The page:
In a new interview with Variety, Underwood recounts how he began exploring his sexuality at a Los Angeles spa–a location known to attract gay men “just to look,” as he says. Not long after, he received an anonymous email claiming to have nude photos of him at the venue. The anonymous emailer threatened to out him to the press, which prompted Underwood to contact his publicist.
“I knew that out of anybody in my world, my publicist wasn’t going to ruin me,” Underwood said.
The emails eventually led Underwood to have a heart-to-heart with his publicist and to seek treatment in therapy. He also began using Grindr under an alias, before finally deciding to go public.
In the same interview, Underwood also addresses the stalking scandal with his former Bachelor girlfriend Cassie Randolph. A legal agreement he maintains with Randolph prevents him from discussing certain details of the incidents, though Underwood does insist he did not physically abuse her.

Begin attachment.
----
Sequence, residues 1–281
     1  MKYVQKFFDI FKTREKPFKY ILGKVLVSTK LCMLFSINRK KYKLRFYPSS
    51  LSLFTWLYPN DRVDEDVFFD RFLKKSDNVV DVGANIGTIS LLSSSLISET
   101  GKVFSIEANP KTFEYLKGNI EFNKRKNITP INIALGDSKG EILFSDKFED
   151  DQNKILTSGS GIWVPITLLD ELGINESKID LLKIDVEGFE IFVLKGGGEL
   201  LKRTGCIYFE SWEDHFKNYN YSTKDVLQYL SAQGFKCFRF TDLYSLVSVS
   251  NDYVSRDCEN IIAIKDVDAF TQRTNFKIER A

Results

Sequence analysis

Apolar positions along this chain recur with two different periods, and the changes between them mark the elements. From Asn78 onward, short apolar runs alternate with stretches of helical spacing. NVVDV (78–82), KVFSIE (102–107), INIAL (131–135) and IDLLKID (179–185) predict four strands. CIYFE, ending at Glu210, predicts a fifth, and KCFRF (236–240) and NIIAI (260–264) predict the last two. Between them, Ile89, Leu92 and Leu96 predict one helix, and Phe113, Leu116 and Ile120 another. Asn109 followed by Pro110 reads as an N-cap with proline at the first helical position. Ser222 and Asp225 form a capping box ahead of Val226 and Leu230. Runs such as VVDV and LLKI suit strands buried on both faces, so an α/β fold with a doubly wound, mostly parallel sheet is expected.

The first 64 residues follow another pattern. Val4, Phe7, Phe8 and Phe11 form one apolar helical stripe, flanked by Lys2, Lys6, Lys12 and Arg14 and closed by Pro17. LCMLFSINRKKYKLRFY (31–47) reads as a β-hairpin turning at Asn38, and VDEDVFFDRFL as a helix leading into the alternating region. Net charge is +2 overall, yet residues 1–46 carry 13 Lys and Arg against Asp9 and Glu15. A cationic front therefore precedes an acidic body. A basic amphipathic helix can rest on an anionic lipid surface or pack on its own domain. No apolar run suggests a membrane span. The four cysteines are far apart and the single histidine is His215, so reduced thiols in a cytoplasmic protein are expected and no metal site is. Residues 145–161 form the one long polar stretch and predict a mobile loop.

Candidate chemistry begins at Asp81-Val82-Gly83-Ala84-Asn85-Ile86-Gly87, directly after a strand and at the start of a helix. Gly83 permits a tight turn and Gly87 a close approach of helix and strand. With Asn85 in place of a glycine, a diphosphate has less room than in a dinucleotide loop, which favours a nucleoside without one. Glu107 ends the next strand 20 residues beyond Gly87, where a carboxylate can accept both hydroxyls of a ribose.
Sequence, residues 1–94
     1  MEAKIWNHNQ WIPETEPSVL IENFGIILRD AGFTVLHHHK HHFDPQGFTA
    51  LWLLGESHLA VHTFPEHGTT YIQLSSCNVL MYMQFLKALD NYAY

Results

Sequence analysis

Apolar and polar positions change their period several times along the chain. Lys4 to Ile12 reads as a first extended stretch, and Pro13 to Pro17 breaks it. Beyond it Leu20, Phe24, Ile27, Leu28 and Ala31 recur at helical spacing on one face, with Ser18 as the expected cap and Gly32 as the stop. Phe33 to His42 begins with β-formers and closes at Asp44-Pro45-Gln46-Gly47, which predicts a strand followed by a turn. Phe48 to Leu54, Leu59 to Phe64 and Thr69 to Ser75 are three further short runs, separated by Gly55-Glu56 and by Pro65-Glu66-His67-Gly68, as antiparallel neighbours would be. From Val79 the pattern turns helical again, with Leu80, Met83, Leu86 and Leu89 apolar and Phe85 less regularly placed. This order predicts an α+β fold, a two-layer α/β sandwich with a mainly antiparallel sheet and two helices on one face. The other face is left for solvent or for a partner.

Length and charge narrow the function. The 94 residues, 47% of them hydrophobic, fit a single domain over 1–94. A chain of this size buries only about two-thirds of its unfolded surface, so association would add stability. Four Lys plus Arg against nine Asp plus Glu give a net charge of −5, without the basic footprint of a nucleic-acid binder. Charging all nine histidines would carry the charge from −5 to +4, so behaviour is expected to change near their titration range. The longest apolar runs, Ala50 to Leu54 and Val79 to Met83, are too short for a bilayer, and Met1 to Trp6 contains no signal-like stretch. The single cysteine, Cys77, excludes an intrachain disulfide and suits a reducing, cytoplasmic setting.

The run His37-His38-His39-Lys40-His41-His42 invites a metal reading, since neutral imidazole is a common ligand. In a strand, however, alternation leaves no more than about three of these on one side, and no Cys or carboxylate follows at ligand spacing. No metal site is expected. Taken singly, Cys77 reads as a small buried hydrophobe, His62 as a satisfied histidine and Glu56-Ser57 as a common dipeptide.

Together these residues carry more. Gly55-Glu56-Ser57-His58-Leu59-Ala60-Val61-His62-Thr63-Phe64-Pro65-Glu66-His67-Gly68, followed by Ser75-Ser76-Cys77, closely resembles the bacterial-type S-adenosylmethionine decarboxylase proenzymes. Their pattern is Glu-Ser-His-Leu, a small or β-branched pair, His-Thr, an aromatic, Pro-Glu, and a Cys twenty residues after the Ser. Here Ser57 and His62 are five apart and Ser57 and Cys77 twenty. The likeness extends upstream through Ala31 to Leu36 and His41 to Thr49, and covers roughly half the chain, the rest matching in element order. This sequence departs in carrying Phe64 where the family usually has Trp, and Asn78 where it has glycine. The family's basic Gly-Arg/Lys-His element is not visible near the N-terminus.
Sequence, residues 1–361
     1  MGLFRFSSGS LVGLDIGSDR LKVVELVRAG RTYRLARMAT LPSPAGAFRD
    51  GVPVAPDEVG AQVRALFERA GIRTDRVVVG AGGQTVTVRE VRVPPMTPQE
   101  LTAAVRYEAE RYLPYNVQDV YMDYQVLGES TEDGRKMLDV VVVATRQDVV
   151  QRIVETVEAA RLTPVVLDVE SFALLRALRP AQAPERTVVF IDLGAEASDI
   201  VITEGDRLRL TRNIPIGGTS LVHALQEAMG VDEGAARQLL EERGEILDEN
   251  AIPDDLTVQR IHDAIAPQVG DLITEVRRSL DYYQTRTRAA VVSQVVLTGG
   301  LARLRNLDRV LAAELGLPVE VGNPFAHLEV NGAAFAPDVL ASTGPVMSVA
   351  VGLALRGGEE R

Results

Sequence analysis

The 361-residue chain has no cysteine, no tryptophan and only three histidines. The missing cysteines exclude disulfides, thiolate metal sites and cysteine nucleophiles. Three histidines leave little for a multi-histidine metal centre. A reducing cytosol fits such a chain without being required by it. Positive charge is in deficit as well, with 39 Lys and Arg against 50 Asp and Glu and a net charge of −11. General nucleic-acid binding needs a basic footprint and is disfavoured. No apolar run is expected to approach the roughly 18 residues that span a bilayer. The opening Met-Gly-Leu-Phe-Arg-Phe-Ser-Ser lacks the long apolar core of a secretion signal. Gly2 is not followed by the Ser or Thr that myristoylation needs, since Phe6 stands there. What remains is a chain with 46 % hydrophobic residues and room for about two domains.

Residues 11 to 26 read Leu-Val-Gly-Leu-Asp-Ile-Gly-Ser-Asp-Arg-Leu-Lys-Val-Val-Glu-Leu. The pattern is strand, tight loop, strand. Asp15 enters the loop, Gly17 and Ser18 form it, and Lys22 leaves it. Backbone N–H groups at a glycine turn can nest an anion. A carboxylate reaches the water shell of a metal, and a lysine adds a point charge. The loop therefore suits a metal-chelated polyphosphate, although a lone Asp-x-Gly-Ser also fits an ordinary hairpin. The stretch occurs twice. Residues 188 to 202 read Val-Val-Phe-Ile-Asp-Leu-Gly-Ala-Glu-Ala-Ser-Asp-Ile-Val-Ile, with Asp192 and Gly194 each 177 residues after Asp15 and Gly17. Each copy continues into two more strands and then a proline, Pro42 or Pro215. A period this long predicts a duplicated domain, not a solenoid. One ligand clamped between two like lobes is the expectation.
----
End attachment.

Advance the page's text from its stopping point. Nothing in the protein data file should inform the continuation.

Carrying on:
“I did not physically touch or physically abuse Cassie in any way, shape or form,” Underwood says.
“I never want people to think that I’m coming out to change the narrative, or to brush over and not take responsibility for my actions, and now that I have this gay life that I don’t have to address my past as a straight man,” he adds. “Controlling situations to try to grasp at any part of the straight fantasy that I was trying to live out was so wrong.”
Colton Underwood came out as gay in a Good Morning America interview last month. Initial response was somewhat supportive, though his past incidents involving Randolph, as well as the revelation that he had already nabbed a reality show for Netflix about his life since coming out, invited wide backlash.
Critics contend that Underwood has “monetized” his coming out, and that the amount of publicity surrounding his coming out owes to his status as a wealthy, white man.